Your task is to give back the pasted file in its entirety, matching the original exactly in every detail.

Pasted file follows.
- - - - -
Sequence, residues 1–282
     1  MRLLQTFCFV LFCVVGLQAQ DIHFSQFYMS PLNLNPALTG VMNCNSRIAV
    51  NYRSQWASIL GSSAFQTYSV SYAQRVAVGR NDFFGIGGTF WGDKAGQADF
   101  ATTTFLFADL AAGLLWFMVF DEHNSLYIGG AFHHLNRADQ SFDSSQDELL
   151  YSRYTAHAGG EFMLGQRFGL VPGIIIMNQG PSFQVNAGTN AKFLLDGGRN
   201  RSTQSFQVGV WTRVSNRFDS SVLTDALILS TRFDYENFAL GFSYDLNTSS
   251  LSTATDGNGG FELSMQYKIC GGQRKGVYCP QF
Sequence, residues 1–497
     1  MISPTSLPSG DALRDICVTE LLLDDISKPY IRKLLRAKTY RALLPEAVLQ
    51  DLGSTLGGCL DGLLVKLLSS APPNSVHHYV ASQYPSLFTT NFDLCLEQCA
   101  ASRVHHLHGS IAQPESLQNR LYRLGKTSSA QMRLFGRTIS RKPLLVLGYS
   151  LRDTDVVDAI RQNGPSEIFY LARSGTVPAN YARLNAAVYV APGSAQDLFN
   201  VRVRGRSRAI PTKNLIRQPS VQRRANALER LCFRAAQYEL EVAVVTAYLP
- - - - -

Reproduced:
Sequence, residues 1–282
     1  MRLLQTFCFV LFCVVGLQAQ DIHFSQFYMS PLNLNPALTG VMNCNSRIAV
    51  NYRSQWASIL GSSAFQTYSV SYAQRVAVGR NDFFGIGGTF WGDKAGQADF
   101  ATTTFLFADL AAGLLWFMVF DEHNSLYIGG AFHHLNRADQ SFDSSQDELL
   151  YSRYTAHAGG EFMLGQRFGL VPGIIIMNQG PSFQVNAGTN AKFLLDGGRN
   201  RSTQSFQVGV WTRVSNRFDS SVLTDALILS TRFDYENFAL GFSYDLNTSS
   251  LSTATDGNGG FELSMQYKIC GGQRKGVYCP QF
Sequence, residues 1–497
     1  MISPTSLPSG DALRDICVTE LLLDDISKPY IRKLLRAKTY RALLPEAVLQ
    51  DLGSTLGGCL DGLLVKLLSS APPNSVHHYV ASQYPSLFTT NFDLCLEQCA
   101  ASRVHHLHGS IAQPESLQNR LYRLGKTSSA QMRLFGRTIS RKPLLVLGYS
   151  LRDTDVVDAI RQNGPSEIFY LARSGTVPAN YARLNAAVYV APGSAQDLFN
   201  VRVRGRSRAI PTKNLIRQPS VQRRANALER LCFRAAQYEL EVAVVTAYLP